NHS critic killed by medical error

So, irony isn’t just for stateside medicine:

Telegraph | News | Patient’s liver ‘saturated’ with iron after hospital confusion over dosage

Patient’s liver ‘saturated’ with iron after hospital confusion over dosage
By Daniel Foggo

A critic of declining standards in the National Health Service died after being given a large overdose of iron by a hospital doctor who did not read the instructions on the drug’s label properly.

Carys Pugh, 63, a former president of a patients’ association in Wales, was taken to casualty at the Royal Glamorgan Hospital after the blunder turned her skin brown and “saturated” her liver with iron.

While she fought for survival in hospital for seven weeks, Mrs Pugh suffered a heart attack and contracted deep vein thrombosis in both legs, a chest infection and then E.coli. Finally, she suffered a second heart attack that killed her.

When her daughter, Hawys Pugh, complained to the hospital authorities about what had gone wrong she was told that the doctor who had carried out the routine infusion for suspected anaemia had found the instructions difficult to decipher and that he had only read half of them.

“They told me that because the text was in two columns instead of one, the doctor just read the section on how much to give, but didn’t bother reading the rest which said over what duration it should be given,” Miss Pugh said.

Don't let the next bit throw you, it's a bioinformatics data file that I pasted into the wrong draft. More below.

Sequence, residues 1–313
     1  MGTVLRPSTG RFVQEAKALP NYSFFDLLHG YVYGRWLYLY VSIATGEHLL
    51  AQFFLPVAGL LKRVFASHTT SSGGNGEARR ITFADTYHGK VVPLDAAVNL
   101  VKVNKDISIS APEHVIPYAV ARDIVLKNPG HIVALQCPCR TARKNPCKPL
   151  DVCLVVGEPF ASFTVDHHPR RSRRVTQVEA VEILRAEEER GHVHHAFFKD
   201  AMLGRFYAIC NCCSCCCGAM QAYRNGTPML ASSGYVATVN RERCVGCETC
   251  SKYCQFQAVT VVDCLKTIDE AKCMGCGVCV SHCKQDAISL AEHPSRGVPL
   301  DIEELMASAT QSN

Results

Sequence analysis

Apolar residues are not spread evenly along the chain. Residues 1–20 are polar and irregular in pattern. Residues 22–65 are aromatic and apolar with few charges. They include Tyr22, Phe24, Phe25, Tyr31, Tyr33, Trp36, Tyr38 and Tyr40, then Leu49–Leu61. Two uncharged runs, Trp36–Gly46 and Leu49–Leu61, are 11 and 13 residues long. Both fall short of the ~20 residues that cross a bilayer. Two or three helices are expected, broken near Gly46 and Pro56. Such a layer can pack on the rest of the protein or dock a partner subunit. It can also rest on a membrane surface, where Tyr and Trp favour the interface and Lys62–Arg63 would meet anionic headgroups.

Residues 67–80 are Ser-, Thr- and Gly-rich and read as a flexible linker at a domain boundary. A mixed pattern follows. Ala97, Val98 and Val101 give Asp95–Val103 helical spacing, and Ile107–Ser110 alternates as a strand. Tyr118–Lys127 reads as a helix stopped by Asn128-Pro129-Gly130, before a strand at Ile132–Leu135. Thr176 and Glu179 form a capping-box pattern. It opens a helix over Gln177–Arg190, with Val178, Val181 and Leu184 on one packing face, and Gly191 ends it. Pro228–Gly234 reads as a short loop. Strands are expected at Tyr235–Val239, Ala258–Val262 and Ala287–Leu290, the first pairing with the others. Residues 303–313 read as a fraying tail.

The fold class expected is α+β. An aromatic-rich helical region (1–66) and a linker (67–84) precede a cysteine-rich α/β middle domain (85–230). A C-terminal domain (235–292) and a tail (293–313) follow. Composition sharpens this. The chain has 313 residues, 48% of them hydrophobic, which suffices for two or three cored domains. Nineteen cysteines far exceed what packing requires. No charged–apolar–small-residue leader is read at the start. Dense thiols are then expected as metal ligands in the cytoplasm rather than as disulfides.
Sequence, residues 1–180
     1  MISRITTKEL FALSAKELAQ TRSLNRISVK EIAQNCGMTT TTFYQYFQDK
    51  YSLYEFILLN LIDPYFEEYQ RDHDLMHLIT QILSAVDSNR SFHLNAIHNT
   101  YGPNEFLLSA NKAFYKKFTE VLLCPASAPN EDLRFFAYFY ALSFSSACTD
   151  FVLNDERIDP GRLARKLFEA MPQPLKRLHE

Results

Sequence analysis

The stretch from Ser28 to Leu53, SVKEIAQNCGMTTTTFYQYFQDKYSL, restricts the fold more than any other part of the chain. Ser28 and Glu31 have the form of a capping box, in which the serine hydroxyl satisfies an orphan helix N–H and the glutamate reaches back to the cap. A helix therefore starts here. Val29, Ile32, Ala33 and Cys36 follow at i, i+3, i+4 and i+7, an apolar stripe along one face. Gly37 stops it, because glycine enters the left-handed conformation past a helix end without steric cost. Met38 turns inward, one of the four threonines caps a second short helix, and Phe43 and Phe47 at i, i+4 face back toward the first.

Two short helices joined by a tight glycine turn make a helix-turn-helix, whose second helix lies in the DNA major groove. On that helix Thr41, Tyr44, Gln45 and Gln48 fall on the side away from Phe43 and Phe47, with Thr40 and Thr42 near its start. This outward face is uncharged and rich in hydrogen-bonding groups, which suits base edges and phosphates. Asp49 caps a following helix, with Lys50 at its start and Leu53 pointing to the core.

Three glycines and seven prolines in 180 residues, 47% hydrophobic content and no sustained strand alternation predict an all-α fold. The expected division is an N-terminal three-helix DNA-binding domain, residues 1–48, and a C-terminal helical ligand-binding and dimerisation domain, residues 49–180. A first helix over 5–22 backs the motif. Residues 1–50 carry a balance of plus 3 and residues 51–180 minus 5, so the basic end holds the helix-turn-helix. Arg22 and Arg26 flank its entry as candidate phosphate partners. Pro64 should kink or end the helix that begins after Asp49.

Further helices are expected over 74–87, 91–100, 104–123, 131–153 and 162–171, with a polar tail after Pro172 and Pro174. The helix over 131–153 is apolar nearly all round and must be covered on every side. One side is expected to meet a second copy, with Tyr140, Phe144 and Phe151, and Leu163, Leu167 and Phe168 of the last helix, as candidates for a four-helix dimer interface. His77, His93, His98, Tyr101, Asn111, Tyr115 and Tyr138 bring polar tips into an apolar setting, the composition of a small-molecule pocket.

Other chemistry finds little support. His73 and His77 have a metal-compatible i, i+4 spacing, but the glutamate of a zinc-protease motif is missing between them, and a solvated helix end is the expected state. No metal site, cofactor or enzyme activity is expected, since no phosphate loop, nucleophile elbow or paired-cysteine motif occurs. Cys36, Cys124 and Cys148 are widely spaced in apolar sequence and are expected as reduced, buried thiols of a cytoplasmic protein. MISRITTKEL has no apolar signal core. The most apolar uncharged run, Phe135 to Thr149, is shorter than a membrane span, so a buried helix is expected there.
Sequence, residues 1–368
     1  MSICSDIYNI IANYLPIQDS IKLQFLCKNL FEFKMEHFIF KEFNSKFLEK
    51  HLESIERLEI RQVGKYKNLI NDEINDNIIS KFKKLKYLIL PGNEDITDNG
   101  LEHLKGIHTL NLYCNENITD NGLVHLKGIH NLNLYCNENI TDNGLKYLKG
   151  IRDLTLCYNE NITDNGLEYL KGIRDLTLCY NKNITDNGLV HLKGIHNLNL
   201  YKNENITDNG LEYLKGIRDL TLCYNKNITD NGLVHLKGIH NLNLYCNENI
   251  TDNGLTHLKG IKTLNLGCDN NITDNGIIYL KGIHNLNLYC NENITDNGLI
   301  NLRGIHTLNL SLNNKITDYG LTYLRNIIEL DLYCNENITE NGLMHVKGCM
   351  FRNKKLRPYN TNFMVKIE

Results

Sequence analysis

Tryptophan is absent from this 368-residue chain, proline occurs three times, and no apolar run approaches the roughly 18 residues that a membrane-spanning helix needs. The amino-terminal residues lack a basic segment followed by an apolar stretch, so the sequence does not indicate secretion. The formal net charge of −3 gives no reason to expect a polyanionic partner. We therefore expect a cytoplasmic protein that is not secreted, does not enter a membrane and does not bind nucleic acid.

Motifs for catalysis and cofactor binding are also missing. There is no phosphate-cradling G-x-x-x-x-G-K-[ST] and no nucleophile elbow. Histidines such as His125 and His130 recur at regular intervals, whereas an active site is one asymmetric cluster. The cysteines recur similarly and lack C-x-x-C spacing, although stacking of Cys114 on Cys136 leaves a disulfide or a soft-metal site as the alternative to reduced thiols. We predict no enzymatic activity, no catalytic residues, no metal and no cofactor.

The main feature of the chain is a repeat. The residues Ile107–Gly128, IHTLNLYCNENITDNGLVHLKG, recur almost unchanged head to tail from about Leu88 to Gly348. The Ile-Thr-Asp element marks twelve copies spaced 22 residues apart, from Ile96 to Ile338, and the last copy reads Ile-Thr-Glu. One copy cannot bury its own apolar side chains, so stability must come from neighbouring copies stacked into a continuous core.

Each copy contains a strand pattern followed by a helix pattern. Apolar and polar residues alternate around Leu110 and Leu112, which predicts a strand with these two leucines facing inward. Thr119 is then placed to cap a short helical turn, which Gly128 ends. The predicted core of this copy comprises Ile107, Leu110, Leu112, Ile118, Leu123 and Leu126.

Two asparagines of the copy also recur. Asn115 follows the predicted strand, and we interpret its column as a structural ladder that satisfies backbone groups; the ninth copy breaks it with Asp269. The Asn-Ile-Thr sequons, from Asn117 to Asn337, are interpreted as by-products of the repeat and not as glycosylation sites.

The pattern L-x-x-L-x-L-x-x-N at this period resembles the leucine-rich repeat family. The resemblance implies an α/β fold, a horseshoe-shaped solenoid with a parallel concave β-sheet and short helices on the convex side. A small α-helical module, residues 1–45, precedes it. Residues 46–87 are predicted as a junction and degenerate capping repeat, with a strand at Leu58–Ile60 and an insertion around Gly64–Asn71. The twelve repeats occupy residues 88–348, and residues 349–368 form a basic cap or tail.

“Instead, he just put the entire dose into her system in one go. They suggested it was the manufacturer’s fault and said they would be contacting them.

(emphasis added).
Medication errors happen everywhere, it’s human nature. It’s human, but probably not terribly professional, to blame a manufacturer for having not bothered to read the instructions.

cross posted on TheLingualNerve
thanks to reader Jim for the steer

Yowzer!

Update: Fake! The original photo is here, along with a discussion of most of the same concerns about fakery. Again, reader Jim is the source (Jim needs a blog). Thanks, Jim!

This necessitated a new engine, and new underwear for the passengers<br />
on the left side of the plane.....

This has been floating around the internet for a bit, and I finally got a copy forwarded to me. I think it’s a full-on engine fire, but it could be a compressor stall. Either way, what a picture!

Charitable Servitude

Medpundit on the experience of being expected, nee, required, to care for patients for free:

The most frustrating aspect of it all is that I have no choice. I have to give and give again, even if the giving exceeds my capacity. Charity given freely is at least attended by some warm and fuzzy feelings. But forced charity feels more like being robbed.

Welcome to the ED.